The 10 Best 'Spawn' Comics According to Todd McFarlane
We chat with the artist about reaching Spawn #350 and ask him to name the best issues from his historic run.
Welcome to our Creator Corner, our reoccurring interview series, where we chat with the coolest and most thought-provoking creators in the comics industry. In this entry, we're conversing with Todd McFarlane about the best Spawn comics. Listen to the unedited audio HERE.
There's nothing I love more than ranking my favorite comics. I have my master list. I have lists devoted to various sub-genres, creators, and characters. Crafting a Best Of list is very personal, and everyone reading this sentence will have an opinion on how to go about it and whether or not your list is accurate. Frankly, I'm less interested in where a particular comic falls on your ranking than why you think it falls where it does. Lists are not the destination; they're the beginning. Lists are not an attack; they're merely conversation starters.
I have my favorite Spawn comics. Undoubtedly, you have your favorite Spawn comics. Todd McFarlane has his favorite Spawn comics. They're probably not your faves, and they're not my faves either (although, a few of them would make my cut for sure).
McFarlane has devoted the last thirty-one years to Spawn. Early next year, the comic will hit its 350th issue. Take a moment and bask in that for a bit. With Spawn #301, he entered the Guinness Book of World Records for the longest-running creator-owned superhero comic. Since then, he's cranked out forty-nine more issues. It would be a massive milestone for any series to reach fifty issues, let alone three hundred and fifty.
We've been lucky enough to chat with Todd McFarlane on a few other occasions (The Batman/Spawn Crossover, Spawn's Religious Origins). To celebrate the character's upcoming milestone, we wanted the artist to take us on a trip through his favorite moments from the series. What were the ten best Spawn comics, according to him? What were the moments that shaped this historic comic book run?
Before we get into the specifics, McFarlane had to establish his point of view regarding Best Of lists and why his favorites might not match your favorites.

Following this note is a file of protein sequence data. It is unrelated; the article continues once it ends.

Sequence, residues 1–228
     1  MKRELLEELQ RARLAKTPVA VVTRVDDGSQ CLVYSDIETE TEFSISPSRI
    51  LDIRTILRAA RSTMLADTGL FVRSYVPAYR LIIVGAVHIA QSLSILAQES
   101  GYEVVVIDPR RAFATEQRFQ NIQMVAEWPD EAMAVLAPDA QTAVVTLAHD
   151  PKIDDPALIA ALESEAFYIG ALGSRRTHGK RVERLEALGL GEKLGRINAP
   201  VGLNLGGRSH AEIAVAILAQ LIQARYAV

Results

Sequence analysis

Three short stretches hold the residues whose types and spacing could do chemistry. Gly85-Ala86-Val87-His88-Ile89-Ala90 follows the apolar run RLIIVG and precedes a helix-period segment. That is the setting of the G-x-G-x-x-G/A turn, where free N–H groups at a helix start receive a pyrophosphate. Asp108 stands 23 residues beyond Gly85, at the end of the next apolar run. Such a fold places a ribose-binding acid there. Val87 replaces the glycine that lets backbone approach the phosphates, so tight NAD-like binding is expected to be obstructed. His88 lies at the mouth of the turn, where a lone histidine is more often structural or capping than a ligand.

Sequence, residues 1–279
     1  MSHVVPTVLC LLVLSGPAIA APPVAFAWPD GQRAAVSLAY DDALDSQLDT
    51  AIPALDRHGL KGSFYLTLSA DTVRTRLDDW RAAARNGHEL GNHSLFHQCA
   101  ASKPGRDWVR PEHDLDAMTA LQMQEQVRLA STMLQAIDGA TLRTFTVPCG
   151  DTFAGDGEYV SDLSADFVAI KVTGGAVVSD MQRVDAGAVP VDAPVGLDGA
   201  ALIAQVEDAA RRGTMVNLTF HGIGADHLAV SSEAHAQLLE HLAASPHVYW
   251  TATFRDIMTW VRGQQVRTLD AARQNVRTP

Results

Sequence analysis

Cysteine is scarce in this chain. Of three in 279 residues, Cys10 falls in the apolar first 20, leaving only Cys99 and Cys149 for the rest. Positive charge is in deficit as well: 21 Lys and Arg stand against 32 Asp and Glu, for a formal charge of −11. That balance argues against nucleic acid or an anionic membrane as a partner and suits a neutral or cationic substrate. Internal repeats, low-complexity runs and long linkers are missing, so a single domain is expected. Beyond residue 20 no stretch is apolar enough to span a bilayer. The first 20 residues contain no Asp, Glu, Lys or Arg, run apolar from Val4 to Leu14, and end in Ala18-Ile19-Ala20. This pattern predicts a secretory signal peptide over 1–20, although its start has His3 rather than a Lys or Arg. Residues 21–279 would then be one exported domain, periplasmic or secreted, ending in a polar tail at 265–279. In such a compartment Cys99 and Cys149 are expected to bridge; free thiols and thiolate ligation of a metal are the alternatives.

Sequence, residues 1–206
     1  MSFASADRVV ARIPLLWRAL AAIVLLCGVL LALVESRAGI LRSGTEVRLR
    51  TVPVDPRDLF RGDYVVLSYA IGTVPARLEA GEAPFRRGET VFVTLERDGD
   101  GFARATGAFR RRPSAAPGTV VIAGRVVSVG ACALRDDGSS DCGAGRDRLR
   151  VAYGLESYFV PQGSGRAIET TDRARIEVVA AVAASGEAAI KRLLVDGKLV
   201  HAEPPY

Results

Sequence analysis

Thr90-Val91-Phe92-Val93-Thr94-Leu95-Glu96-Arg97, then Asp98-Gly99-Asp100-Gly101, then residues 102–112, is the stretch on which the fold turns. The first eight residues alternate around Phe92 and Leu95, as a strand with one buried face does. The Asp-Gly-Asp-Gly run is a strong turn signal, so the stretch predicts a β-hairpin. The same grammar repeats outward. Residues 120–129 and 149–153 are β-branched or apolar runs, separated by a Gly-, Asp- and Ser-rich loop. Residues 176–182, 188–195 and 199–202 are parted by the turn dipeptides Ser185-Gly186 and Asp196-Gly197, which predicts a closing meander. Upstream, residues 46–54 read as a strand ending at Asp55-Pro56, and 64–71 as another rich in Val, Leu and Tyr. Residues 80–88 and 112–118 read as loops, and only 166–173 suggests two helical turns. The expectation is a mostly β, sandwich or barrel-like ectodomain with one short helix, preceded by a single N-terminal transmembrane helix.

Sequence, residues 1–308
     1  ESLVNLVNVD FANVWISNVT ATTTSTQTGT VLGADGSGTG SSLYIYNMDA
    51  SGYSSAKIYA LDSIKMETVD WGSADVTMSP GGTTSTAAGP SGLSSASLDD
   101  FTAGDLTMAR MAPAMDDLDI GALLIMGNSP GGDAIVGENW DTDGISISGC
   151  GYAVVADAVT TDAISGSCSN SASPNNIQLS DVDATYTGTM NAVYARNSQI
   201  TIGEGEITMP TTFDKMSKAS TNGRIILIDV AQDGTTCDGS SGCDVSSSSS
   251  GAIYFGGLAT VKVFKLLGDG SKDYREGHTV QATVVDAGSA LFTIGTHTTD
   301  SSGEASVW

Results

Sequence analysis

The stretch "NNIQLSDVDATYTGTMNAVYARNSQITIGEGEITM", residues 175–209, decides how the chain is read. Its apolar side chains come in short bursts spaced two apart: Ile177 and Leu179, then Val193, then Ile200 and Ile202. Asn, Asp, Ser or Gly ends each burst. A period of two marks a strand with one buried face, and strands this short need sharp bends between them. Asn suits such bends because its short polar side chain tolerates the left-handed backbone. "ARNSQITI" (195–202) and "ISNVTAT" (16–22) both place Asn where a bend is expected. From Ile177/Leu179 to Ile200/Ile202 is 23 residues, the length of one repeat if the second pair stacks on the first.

"Some of the answers I'll give you," he said, "they don't have to be an event. They don't have to be big things that are blaring on the cover. Sometimes, oddly enough, it's just a line. I planted a line someplace, and I've got literally hundreds of these lines, and I keep encouraging writers to pull on those threads."
McFarlane purposefully built his universe so others could play in it. When new writers and artists join Spawn's domain, he doesn't necessarily dictate where they should go or what they should create. He hopes they'll spot what he's left dangling. In some cases, they have. In other cases, they most definitely have not.
"Again," McFarlane continued, "my stupid one that I keep telling the writers is like, 'Hey, you know the clown? Where does he go at night?' I'm up to 350 issues. I've never written it. I could, but I've actually left that. Where does he go? What does he do when prying eyes aren't on him? I don't know. Those are the curiosities. That's me painting on this canvas. I've been painting over here for 30 years, and all of this is still blank. I'm looking for people to help me paint the blank stuff, not paint over my own strokes, which is what most people want to do, which is aggravating. They just want to do like Todd-light."
So, now, with all that in mind, let's venture below. Let's see the lines, the moments, and the comics that stand out amongst these three hundred and fifty issues. Here are the ten best Spawn comics according to Todd McFarlane's criteria.
Todd McFarlane: There's an issue early on where he supposedly met God and it was a woman, and the last line on it was - and this is even pre-Matrix - it was, "He's the one." Now again, what does that mean? I have a few ideas in my head, but again, it's a big line. Why would God even know who he is and why would God even say that?